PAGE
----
Ben Spies – 3rd, DNF
Tom Sykes – 10th, 9th
It is possibly just as well that USA is the next stop for Ben Spies on the World Superbike trail as a return home should give him the motivation he needs to forget a weekend in which his title challenge took another potentially fatal blow. Spies will be the first to admit he made errors at Valencia and Assen, but this is the first time mechanical woes have entered into the equation (fuel consumption irregularities not included). Given its 'technological pioneer' status, it is a little surprising this is the first R1 breakdown of the season during a race, but while there is no ideal time for this to happen, this puts a big strain on Spies' title hopes. On the other side of the garage, Tom Sykes maintained his run of top ten finishes – but only just. With the Yamaha seemingly not at its best around Kyalami, this hasn't been a weekend to remember for the either the Briton or the American.
Stiggy Racing Honda
Leon Haslam – DNF, 4th
Although not the overall result either himself or the team would have hoped for, Leon Haslam can be satisfied to have come away with another top five result at Kyalami. By far the quickest of the riders who weren't present during a pre-season test in December, Haslam quickly shrugged off the cobwebs to match the leaders from free practice on the Friday. Although qualifying didn't go to plan and race one ended in a hail of gravel stones, a fighting ride to fourth in the second – possibly motivated by a bit of the red mist – at least brought the weekend to a close on a high. Maintaining fourth in the standings, Haslam now leads a trio of British riders overall.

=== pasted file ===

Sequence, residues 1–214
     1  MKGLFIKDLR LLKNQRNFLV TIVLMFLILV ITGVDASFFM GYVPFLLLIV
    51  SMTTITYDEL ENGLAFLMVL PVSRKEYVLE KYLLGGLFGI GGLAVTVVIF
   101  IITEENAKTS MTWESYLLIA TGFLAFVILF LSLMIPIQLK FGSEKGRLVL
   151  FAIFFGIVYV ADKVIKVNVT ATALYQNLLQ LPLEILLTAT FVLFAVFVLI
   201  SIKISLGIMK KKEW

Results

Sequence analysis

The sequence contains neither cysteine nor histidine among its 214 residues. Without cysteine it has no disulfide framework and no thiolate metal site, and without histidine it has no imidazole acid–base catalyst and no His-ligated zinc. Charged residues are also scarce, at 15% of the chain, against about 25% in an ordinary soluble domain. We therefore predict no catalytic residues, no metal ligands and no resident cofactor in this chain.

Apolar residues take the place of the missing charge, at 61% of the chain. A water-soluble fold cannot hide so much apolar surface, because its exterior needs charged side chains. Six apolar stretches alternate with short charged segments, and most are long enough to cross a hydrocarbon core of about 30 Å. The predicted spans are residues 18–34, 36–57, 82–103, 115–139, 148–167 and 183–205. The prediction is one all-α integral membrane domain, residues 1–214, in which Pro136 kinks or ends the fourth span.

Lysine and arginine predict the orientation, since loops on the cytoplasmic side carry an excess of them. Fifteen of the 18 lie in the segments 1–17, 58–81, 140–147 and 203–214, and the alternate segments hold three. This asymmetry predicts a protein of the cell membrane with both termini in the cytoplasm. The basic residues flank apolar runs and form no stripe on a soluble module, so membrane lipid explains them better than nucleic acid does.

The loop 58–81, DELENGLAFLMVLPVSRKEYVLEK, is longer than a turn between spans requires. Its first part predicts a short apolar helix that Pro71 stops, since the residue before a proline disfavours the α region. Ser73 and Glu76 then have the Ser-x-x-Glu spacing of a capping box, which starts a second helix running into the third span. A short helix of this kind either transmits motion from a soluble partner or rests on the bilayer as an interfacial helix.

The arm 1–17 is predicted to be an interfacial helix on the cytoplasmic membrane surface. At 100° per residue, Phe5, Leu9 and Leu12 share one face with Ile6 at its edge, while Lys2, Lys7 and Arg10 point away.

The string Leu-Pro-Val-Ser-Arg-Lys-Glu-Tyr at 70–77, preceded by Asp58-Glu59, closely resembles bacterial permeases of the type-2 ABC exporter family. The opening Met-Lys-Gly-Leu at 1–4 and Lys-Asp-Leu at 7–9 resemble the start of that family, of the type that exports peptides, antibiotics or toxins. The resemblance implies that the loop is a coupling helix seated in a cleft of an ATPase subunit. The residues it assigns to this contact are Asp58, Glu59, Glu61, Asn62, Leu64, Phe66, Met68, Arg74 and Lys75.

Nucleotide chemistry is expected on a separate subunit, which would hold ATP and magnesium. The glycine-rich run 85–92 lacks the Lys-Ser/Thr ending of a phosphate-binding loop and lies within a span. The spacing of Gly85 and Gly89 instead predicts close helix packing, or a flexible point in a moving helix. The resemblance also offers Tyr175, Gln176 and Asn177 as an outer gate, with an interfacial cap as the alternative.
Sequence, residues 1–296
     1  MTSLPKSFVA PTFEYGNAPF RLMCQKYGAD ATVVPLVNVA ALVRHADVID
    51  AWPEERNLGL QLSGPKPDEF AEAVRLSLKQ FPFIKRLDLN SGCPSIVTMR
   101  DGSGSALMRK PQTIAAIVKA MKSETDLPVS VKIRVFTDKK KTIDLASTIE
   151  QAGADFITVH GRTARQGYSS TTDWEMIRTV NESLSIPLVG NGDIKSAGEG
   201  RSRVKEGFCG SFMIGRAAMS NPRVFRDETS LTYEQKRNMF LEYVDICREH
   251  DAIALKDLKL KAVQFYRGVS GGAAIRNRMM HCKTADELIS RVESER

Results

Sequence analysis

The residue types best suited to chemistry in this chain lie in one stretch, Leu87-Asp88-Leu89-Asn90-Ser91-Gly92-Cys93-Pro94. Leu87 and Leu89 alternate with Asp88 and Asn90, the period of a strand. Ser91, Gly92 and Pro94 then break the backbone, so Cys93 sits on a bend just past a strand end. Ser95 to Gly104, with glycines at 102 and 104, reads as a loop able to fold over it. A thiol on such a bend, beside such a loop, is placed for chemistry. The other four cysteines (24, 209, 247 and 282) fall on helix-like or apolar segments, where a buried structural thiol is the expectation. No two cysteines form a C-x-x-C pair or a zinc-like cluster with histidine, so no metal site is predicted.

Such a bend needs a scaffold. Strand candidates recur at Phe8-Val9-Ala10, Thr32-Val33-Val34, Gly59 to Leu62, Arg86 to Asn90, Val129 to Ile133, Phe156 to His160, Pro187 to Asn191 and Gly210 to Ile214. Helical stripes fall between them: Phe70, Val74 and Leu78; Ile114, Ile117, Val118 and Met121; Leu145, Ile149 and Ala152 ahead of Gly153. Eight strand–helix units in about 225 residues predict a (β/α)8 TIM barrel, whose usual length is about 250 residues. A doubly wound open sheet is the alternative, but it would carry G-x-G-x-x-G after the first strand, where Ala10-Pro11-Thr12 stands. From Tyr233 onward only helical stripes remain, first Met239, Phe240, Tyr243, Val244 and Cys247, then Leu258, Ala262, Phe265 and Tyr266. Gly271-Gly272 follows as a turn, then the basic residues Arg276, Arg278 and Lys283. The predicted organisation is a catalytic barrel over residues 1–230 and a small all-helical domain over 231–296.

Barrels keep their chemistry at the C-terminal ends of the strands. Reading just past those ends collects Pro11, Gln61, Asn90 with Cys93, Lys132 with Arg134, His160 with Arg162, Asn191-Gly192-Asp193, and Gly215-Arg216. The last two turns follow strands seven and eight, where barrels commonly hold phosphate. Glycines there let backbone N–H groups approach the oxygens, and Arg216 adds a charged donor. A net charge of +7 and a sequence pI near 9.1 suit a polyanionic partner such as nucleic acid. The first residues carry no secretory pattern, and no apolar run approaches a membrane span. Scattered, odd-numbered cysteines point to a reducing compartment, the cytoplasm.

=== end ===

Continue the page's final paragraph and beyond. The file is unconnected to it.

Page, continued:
Max Biaggi – 5th, 5th
Shinya Nakano – 7th, 7th
After a few flashes of brilliance in recent rounds, Aprilia returned to form at Kyalami, with both Max Biaggi and Shinya Nakano putting in their best collective performance since the second round at Qatar. Biaggi was their star representative again, qualifying well in third position, although his race pace wasn't quite so strong. Nonetheless, Biaggi battled hard with Jonathan Rea in both races, even if he would eventually just finish off his tail on both occasions. Still, the performance of both Biaggi and Shinya Nakano, who also put in his best showing since Qatar too, is indicative of the progress made by the RSV-4 since making its group test debut at the same circuit some six months ago. With Biaggi just 13 points adrift of fourth in the standings, Aprilia can be proud of what they have achieved as the half way mark in the season approaches.
Suzuki Alstare Brux
Yukio Kagayama – 8th, 8th
Fonsi Nieto – 16th, 15th
Suzuki Alstare Brux courted plenty of the headlines on the run up to the Kyalami event, partly due to the confirmation that Max Neukirchner is likely to be sidelined for some time with a broken leg and partly also because his replacement for the time being is Fonsi Nieto. Although the circumstances surrounding his 'drop' from the team after just one season last year made him a slightly surprise candidate, it was nonetheless a welcome return for the former race winner. Not that the weekend went to plan for him, Nieto struggling to learn the bike and the circuit, leaving him outside the top twenty during practice and qualifying. Still, he did look more competitive in the races, giving him something to work on when he is expected to fill in again at Miller Motorsports Park, a more familiar venue for him. Yukio Kagayama, meanwhile, kept the points ticking over with a pair of eighth place finishes. Although it leaves him in a better position now than he did at this stage last year, the noises coming from the former British Superbike favourite are that he is struggling to make the K9 bike work at each venue. Roughly translated, the bike is quick, but isn't easy to set-up…